2005 Salt Lake City Annual Meeting (October 16–19, 2005)

Paper No. 10
Presentation Time: 4:05 PM


LORAH, Michelle M.1, MAJCHER, Emily H.1, JONES, Elizabeth J.2 and GRAVES, Duane3, (1)Water Resources Discipline, U. S. Geol Survey, 8987 Yellow Brick Road, Baltimore, MD 21237, (2)U.S. Geol Survey, Reston, VA 20192, (3)GeoSyntec Consultants, Knoxville, TN 37909, mmlorah@usgs.gov

The USGS began a study March 2002 to evaluate enhanced bioremediation methods to stimulate degradation of chlorinated ethanes, ethenes, and methanes near the ground-water/surface-water interface in the West Branch Canal Creek wetland area at Aberdeen Proving Ground, Maryland. Pilot tests of two technologies are being conducted—a bioaugmented, reactive mat constructed as a passive remediation barrier at the wetland surface, and direct injection of substrates and microorganisms at depth in the wetland sediments. An anaerobic dechlorinating microbial consortium (WBC-2) was derived from wetland sediment and developed for bioaugmentation applications. Innovative monitoring tools and microbial tests were used during the design phase and are currently being used during implementation of these pilot tests to determine the degradation efficiency of natural and bioaugmented sediment.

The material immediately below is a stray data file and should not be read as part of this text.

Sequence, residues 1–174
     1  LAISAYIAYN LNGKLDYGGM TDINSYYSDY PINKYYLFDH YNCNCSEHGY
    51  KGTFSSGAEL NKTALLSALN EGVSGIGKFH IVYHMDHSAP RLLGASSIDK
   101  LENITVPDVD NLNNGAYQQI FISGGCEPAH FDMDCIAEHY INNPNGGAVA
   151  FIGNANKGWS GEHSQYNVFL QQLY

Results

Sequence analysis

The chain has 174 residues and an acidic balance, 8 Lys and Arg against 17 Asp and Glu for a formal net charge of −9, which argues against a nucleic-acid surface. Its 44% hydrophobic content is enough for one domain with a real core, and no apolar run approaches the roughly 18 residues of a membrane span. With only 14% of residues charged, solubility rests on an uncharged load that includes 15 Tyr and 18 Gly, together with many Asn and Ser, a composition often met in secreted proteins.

To assist in test design, effects of biostimulation and bioaugmentation were determined using four MICRO-Trac devices placed in wetland sediments in the pilot test area: an untreated control, a biostimulated treatment with a chitin-lactate mixture, a WBC-2 bioaugmented treatment, and a combined biostimulated and bioaugmented treatment. The combined biostimulated and bioaugmented treatment showed the highest methane production, highest removal of parent and intermediate contaminants, highest production of ethene, and highest population of dechlorinating microorganisms. Results confirmed the effectiveness of the selected substrates under field conditions and the need to bioaugment to achieve the high dechlorination rates required in a near-surface remediation effort. During monitoring of the reactive mat pilot test, modified wells and passive diffusion samplers are used to collect porewater from multiple depth intervals beneath and within the 22-inch-thick reactive mat. Concentrations of volatile organic compounds are used to calculate contaminant mass removal along upward flowpaths, and redox constituents and major ions are used to evaluate changing geochemical conditions generated in the mat. Bioactivity tests and molecular analyses are conducted periodically on small sediment samples from the mat to confirm the presence and degradation efficiency of WBC-2, providing evidence of removal of contaminants by biotic rather than abiotic processes.